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When Sri Lanka visited Zimbabwe five years earlier for the initial Test series between the two countries, negative cricket by the tourists and Zimbabwe's inexperience in forcing victory resulted in three somewhat dreary draws. Since then, Zimbabwe had won their first Test matches and Sri Lanka, with spectacular success, had won the World Cup in 1995-96. But less happy recent events, rather than past triumphs, provided the background to this latest tour. Sri Lanka had endured a disastrous World Cup in 1999, though they were picking themselves up under a new captain, Sanath Jayasuriya, while Zimbabwe were still reeling from heavy defeats by Australia and South Africa in the last month.
Victory in the Second Test gave Sri Lanka the series 1-0. The only match of the three not seriously affected by the weather, it will be remembered for Nuwan Zoysa's first-over hat-trick in his only international match of the tour. Having missed the First Test through illness, he returned home after this one because of a groin strain. Less deserving of memory was the controversial run-out of Zimbabwe's Murray Goodwin later in the same match. Assuming the ball was dead, he left his crease and Tillekeratne Dilshan, playing in only his second Test, broke his wicket. This incident led to a serious deterioration in the relationship between the teams. Three Zimbabweans, Goodwin, Alistair Campbell and Neil Johnson, were fined and given suspended sentences for persistent sledging during the Third Test, the one match of the series in which the sides were evenly balanced almost throughout. Had the rain held off, it might have had a fascinating finish.
During the Tests, Zimbabwe still seemed to attract the ill-fortune that dogged them earlier in the season. They lost all three tosses, making it seven lost out of the last nine, and suffered more than their share of dubious umpiring decisions. By the one-day series, Lady Luck had relented a little. Zimbabwe won the toss in the first four matches although, ironically, their only victory came on the one occasion they lost it. Sri Lanka took the series 3-1, the opening match falling victim to rain.
Without Arjuna Ranatunga, not selected, and Aravinda de Silva, who withdrew from the tour for personal reasons, Sri Lanka's batting was young and inexperienced. The poor form of Jayasuriya was both a disappointment and a handicap. Yet, until the final one-day international, someone always rose to the occasion, and young players such as Russel Arnold and Dilshan showed great promise. Marvan Atapattu and Arnold carried their bats in the First and Third Tests respectively, the first time two players from the same country had done so in a series. The home side were over-reliant on their captain and wicket-keeper, Andy Flower, who hit a hundred and three fifties in the Tests and whose handling of Muttiah Muralitharan was particularly impressive. Grant Flower, struggling for form, had a different opening partner in each of the Tests but, going in together in the one-day series, he and Campbell only once failed to put on 50.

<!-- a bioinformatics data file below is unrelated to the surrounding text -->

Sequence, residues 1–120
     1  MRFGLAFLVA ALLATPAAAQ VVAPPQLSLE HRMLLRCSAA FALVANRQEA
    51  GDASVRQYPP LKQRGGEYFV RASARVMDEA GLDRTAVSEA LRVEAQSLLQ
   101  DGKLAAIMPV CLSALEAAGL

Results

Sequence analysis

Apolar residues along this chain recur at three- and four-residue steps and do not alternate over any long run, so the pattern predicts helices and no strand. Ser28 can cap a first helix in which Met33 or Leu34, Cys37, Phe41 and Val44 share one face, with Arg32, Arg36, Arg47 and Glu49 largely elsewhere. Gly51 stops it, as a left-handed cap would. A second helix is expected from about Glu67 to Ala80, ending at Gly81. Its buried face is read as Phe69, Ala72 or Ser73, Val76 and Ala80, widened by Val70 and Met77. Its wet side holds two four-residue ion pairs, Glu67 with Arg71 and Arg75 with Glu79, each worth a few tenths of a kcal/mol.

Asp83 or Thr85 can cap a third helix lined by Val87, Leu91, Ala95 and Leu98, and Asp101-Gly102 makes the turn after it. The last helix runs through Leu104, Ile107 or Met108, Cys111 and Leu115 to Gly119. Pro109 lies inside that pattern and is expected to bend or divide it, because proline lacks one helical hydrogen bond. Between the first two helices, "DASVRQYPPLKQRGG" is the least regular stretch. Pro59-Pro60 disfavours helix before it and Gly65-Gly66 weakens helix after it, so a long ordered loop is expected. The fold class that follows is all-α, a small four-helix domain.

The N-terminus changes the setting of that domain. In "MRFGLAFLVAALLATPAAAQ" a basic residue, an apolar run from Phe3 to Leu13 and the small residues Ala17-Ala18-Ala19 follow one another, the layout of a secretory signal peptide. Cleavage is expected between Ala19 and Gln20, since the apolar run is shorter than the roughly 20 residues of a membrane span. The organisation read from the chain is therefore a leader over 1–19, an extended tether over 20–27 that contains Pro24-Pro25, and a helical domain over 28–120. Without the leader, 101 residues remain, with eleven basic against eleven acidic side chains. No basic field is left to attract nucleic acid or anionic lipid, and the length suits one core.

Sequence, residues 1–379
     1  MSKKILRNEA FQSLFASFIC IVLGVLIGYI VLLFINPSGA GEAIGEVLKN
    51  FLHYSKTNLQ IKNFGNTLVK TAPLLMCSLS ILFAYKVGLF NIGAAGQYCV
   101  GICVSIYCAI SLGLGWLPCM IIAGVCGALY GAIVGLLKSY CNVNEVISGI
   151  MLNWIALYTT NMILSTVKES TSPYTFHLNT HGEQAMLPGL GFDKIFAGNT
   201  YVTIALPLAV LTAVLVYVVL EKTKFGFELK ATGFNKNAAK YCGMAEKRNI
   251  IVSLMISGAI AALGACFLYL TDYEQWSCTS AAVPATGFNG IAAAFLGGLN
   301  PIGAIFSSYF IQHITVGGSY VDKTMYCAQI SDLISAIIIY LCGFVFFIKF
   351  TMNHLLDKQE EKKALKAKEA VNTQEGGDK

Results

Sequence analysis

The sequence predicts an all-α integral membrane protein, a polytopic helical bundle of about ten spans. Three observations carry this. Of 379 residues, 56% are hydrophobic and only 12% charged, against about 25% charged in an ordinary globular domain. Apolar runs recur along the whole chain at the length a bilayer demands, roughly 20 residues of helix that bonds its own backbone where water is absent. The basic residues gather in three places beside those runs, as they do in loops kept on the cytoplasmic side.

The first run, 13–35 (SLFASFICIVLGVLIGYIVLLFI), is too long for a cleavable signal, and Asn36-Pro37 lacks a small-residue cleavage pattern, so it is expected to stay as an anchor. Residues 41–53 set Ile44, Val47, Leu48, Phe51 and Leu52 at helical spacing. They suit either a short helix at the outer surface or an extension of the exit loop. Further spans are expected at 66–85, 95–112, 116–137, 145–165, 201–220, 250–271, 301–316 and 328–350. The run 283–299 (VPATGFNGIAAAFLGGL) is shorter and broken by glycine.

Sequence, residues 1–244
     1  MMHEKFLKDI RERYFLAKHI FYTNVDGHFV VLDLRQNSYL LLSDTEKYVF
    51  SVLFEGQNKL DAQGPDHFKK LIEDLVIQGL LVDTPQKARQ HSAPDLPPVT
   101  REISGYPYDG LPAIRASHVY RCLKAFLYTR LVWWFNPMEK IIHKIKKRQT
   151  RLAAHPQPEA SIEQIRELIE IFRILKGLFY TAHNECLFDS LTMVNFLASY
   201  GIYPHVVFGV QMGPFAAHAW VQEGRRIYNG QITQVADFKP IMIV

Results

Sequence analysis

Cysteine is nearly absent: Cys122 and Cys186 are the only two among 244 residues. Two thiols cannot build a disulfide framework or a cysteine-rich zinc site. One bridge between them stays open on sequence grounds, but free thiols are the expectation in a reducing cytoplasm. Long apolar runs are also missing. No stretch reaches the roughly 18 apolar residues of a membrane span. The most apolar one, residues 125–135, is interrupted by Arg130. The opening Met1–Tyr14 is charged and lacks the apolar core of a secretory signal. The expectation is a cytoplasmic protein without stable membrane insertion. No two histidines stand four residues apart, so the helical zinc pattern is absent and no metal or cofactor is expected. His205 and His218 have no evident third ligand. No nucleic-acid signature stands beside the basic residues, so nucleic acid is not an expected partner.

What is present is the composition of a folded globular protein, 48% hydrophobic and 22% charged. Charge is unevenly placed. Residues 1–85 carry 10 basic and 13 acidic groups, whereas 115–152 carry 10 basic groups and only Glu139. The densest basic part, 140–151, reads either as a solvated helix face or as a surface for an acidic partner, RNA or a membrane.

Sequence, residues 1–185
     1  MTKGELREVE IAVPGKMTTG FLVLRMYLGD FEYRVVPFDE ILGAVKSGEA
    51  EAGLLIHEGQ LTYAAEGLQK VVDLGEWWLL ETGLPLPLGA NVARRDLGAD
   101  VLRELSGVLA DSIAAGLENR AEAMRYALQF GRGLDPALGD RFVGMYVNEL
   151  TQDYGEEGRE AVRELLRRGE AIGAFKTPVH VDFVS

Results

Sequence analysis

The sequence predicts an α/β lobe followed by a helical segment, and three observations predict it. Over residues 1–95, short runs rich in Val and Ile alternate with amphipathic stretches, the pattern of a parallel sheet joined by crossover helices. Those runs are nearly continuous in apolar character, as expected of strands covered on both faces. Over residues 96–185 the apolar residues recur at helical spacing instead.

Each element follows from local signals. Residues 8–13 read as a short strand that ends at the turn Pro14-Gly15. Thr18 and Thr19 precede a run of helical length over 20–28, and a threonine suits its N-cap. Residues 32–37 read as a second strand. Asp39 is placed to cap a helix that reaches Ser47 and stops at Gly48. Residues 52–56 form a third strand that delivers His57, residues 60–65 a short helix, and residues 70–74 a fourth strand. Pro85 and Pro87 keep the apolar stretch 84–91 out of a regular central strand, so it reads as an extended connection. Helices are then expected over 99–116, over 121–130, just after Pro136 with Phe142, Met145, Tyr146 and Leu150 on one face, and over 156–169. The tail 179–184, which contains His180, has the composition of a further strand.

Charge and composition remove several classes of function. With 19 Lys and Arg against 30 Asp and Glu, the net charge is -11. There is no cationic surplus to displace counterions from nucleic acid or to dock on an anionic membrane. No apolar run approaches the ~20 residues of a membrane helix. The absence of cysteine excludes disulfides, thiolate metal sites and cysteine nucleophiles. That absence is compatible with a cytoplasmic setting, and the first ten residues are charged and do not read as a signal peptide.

Both series were decided, in the main, by Sri Lanka's disciplined bowlers. Their seamers were invariably persistent, with Chaminda Vaas the pick, while Muralitharan's off-spin, though rarely returning outstanding figures, always presented the batsmen with problems. Zimbabwe's bowling was much more fragile. Heath Streak and Paul Strang missed the entire tour through injury, Neil Johnson was still unable to bowl, and Adam Huckle, who might have deputised for Strang as the leg-spinner, had unexpectedly retired. Henry Olonga and the left-arm seamer, Bryan Strang, recalled as a stock bowler, did a fine job with little incisive support, while the surprise return of Eddo Brandes, for his first Test since the England tour of 1996-97, boosted Zimbabwe's morale in the final match.
Andy Flower, having resumed the captaincy for the return match against South Africa, handled his team and his own game well, and Jayasuriya won acclaim for hisastute leadership. Even if spectators rarely saw his true form with the bat, he several times played a crucial role with the ball and in the field. And the standard of fielding, from both sides, was excellent.
Given that there was much fascinating cricket, public support was disappointing. No doubt this could be attributed to the poor showing of the home team and the perception that Sri Lanka were not such attractive opponents as Zimbabwe's recent visitors, Australia and South Africa. But it cannot have helped that Zimbabwe played host to such a glut of international cricket in a two-month period.
Match reports for
Zimbabwe Cricket Union President's XI v Sri Lankans at Bulawayo, Nov 7-9, 1999
Zimbabwe Cricket Academy v Sri Lankans at Kwekwe, Nov 12-13, 1999
5th ODI: Zimbabwe v Sri Lanka at Harare, Dec 19, 1999